Businesses are focused on the need for real-time data from vendors as they manage sanctions risks, according to a survey carried out in our State of Financial Crime 2022 report. An incredible 96% of firms said that real-time data would improve their performance in due diligence, while the number saying that it would improve their operations “significantly” rose by 15 percentage points between 2020 and 2021.
Avoiding sanctions breaches is a permanent challenge that threatens them with severe regulatory and reputational consequences. But achieving success is getting harder as western governments’ make wider use of sanctions to tackle international crises, as we see in the war in Russia and Ukraine. It’s no surprise that access to real-time data is such a major issue, nor that so many firms are looking for better solutions.
The Sanctions Risk Challenge
Financial businesses have a fundamental legal duty to identify, block and report attempts at sanctions evasion, making accuracy one of the most important qualities of sanctions data when it comes to screening customer names and high risk transactions. Poorly curated risk data is the primary reason for the high rates of false positives – a figure currently believed to be around 42% across the industry. There are also the many unknown numbers of false negatives – in plain terms, breaches – which will go ‘under the wire’ and create future regulatory risks for firms.
But although businesses need accuracy, they need their sanctions data to be timely too. For regulators, speed is of the essence. The UK’s Office of Financial Sanctions Implementation (OFSI) says that firms need to report to them at “the earliest opportunity.” At the same time, businesses have a commercial duty to their customers to sustain fluid and responsive onboarding and payment systems to ensure a high quality customer experience – something which is especially important for FinTech firms seeking to differentiate on agility and responsiveness.
The Pressure for Real-Time Data
This requirement for accurate real-time risk data is always important, but is ever more so now, as businesses face a fast evolving geopolitical environment. As our recently reissued report The Evolving Use of Sanctions indicates, authoritarian governments’ military aggression, human rights abuses, corruption, etc., as well as the ongoing challenges of terrorism and serious organised crime, have encouraged growing numbers of democratic states to create autonomous sanctions regimes. As we have seen in the western reaction to the Russian invasion of Ukraine, multiple countries can apply their own sanctions in a matter of days, and sometimes over a few hours, leading to a broadening and deepening of measures against at break-neck speed.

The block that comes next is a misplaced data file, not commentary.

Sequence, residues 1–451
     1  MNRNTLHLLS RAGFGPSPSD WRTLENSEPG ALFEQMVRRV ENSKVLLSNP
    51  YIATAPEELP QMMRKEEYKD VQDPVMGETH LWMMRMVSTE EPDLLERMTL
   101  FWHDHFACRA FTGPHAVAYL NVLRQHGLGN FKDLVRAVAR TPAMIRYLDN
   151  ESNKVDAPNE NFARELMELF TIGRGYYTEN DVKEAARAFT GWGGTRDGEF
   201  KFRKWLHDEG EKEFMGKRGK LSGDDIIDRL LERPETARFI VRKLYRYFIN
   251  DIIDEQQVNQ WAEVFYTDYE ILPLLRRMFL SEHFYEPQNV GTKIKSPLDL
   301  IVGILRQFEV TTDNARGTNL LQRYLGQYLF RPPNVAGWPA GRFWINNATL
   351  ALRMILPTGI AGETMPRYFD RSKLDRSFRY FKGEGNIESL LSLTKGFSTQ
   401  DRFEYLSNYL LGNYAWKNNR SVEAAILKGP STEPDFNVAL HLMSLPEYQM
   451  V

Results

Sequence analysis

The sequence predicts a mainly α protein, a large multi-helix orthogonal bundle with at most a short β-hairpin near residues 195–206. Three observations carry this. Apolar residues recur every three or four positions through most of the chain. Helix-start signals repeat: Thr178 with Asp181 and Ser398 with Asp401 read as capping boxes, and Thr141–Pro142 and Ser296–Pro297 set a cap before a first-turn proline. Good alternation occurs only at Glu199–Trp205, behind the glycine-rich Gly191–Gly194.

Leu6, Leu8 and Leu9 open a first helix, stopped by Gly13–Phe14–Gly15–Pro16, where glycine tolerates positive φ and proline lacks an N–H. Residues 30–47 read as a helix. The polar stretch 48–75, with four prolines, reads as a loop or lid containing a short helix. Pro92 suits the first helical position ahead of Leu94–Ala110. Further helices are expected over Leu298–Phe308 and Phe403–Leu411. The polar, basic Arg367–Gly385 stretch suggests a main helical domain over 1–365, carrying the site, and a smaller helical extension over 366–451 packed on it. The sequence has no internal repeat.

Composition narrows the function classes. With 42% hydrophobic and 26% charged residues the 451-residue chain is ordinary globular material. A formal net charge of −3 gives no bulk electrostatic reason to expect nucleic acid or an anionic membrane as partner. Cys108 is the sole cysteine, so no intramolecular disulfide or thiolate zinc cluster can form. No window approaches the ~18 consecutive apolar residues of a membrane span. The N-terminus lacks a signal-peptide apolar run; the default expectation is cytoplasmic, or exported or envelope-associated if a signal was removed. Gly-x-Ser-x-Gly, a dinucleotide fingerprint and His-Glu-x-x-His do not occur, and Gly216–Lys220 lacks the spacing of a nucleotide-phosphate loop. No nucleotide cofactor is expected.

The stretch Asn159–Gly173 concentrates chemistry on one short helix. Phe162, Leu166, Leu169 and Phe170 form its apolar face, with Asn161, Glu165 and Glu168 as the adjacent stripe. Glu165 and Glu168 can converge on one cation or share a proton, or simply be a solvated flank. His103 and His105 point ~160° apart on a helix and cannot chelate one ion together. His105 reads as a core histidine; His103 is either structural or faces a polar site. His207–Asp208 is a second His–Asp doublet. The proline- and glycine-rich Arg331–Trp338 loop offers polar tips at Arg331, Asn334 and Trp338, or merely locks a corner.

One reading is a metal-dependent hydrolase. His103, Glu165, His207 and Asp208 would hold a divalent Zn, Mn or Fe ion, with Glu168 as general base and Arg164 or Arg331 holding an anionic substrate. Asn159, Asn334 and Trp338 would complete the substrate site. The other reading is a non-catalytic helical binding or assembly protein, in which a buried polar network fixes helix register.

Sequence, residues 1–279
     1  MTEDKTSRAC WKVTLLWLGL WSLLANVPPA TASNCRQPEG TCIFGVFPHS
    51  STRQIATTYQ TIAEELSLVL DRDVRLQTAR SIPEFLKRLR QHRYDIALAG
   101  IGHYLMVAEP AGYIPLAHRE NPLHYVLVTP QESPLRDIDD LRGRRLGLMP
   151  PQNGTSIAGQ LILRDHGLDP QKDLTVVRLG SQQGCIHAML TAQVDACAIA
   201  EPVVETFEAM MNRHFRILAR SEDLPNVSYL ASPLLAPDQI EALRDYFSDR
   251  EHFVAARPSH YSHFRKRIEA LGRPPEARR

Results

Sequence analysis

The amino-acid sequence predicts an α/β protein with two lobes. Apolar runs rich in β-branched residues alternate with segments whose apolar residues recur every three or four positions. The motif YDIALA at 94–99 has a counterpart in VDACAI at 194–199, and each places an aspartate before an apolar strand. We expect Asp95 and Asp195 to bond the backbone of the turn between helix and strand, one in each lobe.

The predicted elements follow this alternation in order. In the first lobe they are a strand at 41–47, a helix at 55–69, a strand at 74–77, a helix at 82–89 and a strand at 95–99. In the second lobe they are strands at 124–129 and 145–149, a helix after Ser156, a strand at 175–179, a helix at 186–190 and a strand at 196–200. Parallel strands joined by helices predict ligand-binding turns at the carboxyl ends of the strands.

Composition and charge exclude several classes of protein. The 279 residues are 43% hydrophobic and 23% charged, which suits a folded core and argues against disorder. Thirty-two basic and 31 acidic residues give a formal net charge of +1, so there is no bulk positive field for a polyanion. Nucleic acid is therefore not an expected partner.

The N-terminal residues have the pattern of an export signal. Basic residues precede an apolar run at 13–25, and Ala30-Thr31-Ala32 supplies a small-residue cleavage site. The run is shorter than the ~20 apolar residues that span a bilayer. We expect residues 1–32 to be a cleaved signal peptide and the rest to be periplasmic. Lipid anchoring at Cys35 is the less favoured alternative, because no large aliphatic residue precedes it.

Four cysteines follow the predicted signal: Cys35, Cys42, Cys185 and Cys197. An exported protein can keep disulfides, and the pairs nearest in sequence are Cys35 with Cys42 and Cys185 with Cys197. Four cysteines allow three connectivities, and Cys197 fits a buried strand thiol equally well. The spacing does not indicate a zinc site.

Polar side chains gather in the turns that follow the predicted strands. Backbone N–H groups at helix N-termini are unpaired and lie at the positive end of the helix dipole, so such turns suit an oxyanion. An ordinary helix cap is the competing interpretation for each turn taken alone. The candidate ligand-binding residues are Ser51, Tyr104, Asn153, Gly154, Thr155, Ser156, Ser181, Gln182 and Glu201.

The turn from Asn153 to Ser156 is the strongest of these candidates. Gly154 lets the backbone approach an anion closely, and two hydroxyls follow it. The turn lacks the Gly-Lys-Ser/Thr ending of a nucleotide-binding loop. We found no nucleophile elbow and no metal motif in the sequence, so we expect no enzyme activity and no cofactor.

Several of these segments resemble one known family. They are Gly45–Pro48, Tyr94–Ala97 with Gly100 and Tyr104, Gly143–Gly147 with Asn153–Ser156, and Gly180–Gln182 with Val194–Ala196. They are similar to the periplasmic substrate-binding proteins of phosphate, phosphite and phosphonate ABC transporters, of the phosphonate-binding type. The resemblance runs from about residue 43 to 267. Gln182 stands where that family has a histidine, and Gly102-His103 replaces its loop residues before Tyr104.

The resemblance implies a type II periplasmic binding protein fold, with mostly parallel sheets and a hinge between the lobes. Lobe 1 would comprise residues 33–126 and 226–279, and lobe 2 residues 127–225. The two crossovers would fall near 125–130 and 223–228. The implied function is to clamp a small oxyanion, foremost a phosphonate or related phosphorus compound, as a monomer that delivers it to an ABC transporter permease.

Such fast moving situations are difficult to manage, and are proving even more so at the moment, because of the types of sanctions tools and risk data businesses are using. Some sanctions screening solutions for due diligence and payments – often based on decades old technology – are not real-time. Changes to sanctions lists can take a day or more to be reflected in platforms, and actual refreshed screening of data against the new lists can take even longer, driven by a set schedule of daily overnight reviews.
Tackling the Challenge
With advances in data collection and management, real-time updates and screening are now a real possibility. With the most sophisticated internet ‘scraping techniques’, it is feasible to pull updates not only from published sanctions lists, but from official announcements and media as well, minute by minute. With the vast data resources of cloud computing, machine learning algorithms and Application Programming Interfaces (APIs) – protocols which allow different platforms to talk to each other – it is also possible to screen continuously, allowing firms to investigate, block and report potentially sanctioned transactions as they happen. Supported by this kind of technology, businesses now have the opportunity to screen data with the confidence of knowing that they have the information they need, when they need it.
Learn more about sanctions trends, regimes and geopolitical hotspots in our new guide to the Evolving Use of Sanctions 2022.
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